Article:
Integration of automatically measured transient ischemic dilation ratio
OBJECTIVE: Determine the the normal threshold for an automatically measured left ventricular transient ischemic dilation (TID) ratio in patients undergoing adenosine stress myocardial perfusion SPECT (MPS). Furthermore, to determine the value of integrating TID in detecting severe and extensive coronary artery disease (CAD). METHODS: The normal limit for the TID ratio was obtained from 38 low risk patients undergoing dual-isotope MPS. To determine criteria for abnormality, 179 consecutive patients with an abnormal catheterization within 3 months of adenosine MPS were examined: 41 patients (23%) had severe and extensive CAD, 64 (36%) had no significant CAD, and 74 (41%) had mild or moderate CAD. These high risk criteria were then prospectively validated in a
cohort of 177 patients. A receiver-operating characteristic curve was used to define optimal thresholds. RESULTS: The best threshold to define an abnormal TID ratio was > 1.36, which had a sensitivity of 71% and specificity of 86% compared to extensive CAD by catheterization. In the combined pilot and validation groups, when both perfusion and the TID ratio were normal, the negative predictive value was 99%. When both the TID ratio and perfusion were abnormal, the positive predictive value was 65%. CONCLUSION: The TID ratio both sensitive and specific for the identification of severe and extensive CAD.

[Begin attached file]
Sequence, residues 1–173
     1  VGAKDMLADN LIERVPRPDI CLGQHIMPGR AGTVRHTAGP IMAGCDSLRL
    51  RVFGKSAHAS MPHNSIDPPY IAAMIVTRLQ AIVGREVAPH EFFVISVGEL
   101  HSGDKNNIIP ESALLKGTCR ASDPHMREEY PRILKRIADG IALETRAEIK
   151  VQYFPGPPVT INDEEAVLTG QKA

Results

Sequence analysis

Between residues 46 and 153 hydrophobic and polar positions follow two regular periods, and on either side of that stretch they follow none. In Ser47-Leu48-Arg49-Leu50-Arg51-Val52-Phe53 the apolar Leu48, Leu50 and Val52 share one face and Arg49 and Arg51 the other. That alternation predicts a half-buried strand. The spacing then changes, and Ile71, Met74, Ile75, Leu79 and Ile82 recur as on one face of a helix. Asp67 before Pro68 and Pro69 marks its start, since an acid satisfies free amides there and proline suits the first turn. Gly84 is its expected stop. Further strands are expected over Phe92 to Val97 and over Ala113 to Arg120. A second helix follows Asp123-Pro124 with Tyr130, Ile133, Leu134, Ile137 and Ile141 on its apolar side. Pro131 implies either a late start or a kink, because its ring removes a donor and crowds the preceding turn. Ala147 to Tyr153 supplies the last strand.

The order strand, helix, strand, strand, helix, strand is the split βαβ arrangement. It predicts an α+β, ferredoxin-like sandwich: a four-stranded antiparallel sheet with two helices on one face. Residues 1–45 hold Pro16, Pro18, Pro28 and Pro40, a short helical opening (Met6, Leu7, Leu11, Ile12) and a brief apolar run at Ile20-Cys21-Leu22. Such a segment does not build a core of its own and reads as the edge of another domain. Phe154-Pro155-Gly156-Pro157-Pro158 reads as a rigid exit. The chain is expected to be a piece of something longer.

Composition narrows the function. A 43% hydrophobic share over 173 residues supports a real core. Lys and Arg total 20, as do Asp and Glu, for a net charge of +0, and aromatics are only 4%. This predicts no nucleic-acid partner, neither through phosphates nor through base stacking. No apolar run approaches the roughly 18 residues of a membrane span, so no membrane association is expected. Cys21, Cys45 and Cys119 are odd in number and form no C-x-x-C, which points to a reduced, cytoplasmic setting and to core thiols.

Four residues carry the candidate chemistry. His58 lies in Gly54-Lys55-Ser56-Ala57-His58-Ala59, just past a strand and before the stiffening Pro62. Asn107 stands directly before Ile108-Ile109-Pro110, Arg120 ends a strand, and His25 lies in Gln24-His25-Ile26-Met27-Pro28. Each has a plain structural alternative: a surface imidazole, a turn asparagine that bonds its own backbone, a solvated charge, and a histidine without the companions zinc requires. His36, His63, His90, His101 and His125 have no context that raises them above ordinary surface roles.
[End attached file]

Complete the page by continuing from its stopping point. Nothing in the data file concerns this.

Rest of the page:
COMMENT: when both myocardial perfusion and the TID ratio are normal, the patient almost certainly does not have significant obstructive disease on angiography.
J Nucl Med. 2004 Dec;45(12):1999-2007.
Integration of automatically measured transient ischemic dilation ratio into interpretation of adenosine stress myocardial perfusion SPECT for detection of severe and extensive CAD.
Abidov A, Bax JJ, Hayes SW, Cohen I, Nishina H, Yoda S, Kang X, Aboul-Enein F, Gerlach J, Friedman JD, Hachamovitch R, Germano G, Berman DS.
Cedars-Sinai Medical Center, Los Angeles, California 90048, USA.